Speaking at DCD>Energy Smart, senior corporate campaigner for Greenpeace, Gary Cook, said that the IT and data center sectors have made a lot of progress but there are still challenges ahead for the industry.
As keynote speaker for the Stockholm event, Cook gave a progress report on the current state of renewable energy in the data center sector, ten years after Greenpeace started looking into the industry.
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IT and data centers are currently two of the largest drivers of renewable energy deployment in the US, and although the conversation in the industry has shifted over the last 10 years from being about energy efficiency to implementing renewable energy in the data center, there is still a need for a further shift towards driving the growth in the creation of renewable energy.
Cook said: "We have seen increasing action by a number of companies to address the supply of energy outside the data center.
"Powering data center infrastructure with existing sources is really going to take us in the opposite direction from where we need to be as a global society. To move towards a grid completely powered by renewables this sector needs to be pushing governments to say we want renewable energy as it is critical for our business, we need to be getting in the policy space as well as the procurement space."
"So that in 10 years time we are looking at an Internet infrastructure that is 100 percent powered by renewable energy"
The senior campaigner stressed that data center providers and operators must be doing more that buying existing renewable energy credits from the grid, they have to be entering into more power purchase agreements (PPAs) to "drive a new supply of renewable energy."
Cook argued that by entering into renewable PPAs that the IT and data center industries can push utility providers into the renewable marketplace and create a new demand for clean energy.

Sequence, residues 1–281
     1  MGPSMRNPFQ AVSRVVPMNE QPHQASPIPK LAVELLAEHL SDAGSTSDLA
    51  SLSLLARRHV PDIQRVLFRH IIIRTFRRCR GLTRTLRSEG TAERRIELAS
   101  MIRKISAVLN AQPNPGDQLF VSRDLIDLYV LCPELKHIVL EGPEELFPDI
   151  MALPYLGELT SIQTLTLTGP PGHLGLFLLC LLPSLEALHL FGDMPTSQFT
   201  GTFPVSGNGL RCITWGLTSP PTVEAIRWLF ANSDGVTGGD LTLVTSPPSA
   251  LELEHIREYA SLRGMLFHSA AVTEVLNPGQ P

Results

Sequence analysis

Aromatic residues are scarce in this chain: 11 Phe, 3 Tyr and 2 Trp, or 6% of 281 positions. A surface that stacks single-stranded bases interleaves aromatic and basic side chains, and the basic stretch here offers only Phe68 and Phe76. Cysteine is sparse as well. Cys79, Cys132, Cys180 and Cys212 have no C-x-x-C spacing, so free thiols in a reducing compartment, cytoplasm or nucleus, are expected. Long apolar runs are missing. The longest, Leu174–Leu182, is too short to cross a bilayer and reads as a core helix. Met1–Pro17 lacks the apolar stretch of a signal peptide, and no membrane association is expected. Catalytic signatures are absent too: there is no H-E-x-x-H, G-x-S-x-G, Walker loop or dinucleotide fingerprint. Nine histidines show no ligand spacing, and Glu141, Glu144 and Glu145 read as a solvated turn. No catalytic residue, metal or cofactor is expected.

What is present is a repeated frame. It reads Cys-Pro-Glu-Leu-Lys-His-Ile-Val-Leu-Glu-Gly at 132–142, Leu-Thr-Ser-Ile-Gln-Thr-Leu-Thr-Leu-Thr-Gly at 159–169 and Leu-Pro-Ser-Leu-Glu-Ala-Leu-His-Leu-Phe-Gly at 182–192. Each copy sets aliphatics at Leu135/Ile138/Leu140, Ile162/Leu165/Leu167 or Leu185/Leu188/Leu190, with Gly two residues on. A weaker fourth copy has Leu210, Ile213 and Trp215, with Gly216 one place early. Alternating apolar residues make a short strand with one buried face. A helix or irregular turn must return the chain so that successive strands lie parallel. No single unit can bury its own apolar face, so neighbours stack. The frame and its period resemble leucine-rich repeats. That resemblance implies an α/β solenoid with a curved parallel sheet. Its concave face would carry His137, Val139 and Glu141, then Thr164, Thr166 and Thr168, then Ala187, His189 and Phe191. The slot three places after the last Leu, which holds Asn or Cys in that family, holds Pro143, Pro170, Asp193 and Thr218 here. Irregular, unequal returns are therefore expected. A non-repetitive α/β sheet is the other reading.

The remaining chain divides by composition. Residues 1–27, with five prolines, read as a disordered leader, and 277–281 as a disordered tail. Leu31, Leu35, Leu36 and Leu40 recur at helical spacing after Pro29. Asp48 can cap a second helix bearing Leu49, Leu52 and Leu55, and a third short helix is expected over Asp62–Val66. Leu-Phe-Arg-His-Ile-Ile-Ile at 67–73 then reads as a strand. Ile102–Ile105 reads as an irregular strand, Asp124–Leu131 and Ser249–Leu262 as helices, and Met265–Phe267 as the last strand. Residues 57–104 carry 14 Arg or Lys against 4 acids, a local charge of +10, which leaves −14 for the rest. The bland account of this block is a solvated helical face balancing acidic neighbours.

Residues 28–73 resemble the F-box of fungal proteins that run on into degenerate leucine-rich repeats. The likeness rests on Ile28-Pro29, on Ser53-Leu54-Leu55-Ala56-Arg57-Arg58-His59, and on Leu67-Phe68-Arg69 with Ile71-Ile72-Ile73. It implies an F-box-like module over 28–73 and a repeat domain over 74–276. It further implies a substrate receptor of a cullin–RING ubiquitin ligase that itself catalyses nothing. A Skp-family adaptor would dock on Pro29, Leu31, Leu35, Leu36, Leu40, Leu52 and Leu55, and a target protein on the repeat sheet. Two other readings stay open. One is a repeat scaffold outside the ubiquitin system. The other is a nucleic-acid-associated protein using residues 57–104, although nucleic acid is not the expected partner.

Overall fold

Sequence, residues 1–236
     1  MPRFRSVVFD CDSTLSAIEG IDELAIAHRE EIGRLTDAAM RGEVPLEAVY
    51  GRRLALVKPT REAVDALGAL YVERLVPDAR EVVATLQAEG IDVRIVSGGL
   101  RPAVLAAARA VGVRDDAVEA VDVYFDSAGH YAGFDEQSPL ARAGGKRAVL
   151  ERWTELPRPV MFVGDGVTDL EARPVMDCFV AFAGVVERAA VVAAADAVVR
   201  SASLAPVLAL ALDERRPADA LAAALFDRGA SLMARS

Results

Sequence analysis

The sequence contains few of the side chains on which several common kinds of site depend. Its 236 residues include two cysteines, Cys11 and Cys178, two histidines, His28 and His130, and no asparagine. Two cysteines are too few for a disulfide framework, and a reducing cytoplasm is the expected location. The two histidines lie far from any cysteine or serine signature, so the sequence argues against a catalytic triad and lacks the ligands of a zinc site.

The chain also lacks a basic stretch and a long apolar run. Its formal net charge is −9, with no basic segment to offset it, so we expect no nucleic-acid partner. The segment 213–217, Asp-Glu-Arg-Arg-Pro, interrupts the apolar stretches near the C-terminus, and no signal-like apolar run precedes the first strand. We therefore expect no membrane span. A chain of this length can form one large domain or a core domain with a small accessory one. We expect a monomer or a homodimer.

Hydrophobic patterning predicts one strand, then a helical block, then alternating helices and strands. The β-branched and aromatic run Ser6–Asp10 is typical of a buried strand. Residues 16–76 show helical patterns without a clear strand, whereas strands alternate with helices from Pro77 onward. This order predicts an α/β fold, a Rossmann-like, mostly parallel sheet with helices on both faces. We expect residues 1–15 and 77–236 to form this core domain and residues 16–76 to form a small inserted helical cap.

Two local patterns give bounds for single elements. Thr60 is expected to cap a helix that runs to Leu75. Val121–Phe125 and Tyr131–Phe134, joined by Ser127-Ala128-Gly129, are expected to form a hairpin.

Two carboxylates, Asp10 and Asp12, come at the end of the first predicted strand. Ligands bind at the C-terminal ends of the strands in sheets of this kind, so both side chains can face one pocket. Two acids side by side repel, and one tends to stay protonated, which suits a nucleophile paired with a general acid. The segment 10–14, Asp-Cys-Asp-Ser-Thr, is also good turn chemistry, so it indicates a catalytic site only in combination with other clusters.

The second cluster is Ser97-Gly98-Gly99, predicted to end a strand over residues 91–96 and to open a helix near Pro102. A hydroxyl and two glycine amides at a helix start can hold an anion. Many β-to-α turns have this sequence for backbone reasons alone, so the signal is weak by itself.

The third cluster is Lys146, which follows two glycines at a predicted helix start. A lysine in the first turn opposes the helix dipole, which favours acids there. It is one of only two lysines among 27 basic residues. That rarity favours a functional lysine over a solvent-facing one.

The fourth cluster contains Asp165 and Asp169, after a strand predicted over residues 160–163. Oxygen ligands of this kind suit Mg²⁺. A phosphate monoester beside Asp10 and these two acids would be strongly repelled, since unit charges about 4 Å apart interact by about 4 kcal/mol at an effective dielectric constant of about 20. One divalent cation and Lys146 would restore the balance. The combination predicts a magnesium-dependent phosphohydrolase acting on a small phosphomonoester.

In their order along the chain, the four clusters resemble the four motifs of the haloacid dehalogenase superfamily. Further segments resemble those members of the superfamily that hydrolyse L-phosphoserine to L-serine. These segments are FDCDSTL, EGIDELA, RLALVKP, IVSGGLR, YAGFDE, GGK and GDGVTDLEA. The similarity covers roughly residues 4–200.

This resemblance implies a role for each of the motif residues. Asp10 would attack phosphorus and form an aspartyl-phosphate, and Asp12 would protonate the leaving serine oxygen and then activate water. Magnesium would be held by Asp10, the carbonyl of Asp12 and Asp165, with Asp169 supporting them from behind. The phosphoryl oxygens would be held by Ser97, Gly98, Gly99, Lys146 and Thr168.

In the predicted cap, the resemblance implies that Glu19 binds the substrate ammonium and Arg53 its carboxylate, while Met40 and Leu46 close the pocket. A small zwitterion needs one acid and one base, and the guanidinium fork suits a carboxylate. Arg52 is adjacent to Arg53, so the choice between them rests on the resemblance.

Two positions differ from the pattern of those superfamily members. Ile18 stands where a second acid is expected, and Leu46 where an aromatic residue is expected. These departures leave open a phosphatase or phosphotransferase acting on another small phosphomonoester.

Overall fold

"The IT sector is a leader in not taking the easy way out and buying existing energy credits. Half of renewable energy deals are coming from the IT sector, that gives real credit to people who are taking this challenge to try and build a digital infrastructure with renewable powers seriously and continue to focus on that goal."
He stressed that as a planet we are currently on track to see the global temperatures rise by four degrees. Such a increase in temperature would have catastrophic effects. In particular Cook mentioned this would create a high likelihood of the Himalayan ice shelves melting, which could cause a humanitarian disasters in China.
Greenpeace have already released its Clicking Clean Virginia report and will be releasing a wider report on the US in September/October. A Clicking Clean China report will be released in December.
Cook also mentioned that Greenpeace is currently looking into the environmental impact that data center manufacturing suppliers are having on the planet.
Speaking afterwards, Uptime Institute's Andy Lawrence noted how things have changed. "Ten years ago we invited Gary Cook to a conference and it was like having Theresa May at a EU meeting," he said. "Everyone was polite, but no one wanted a photo opportunity."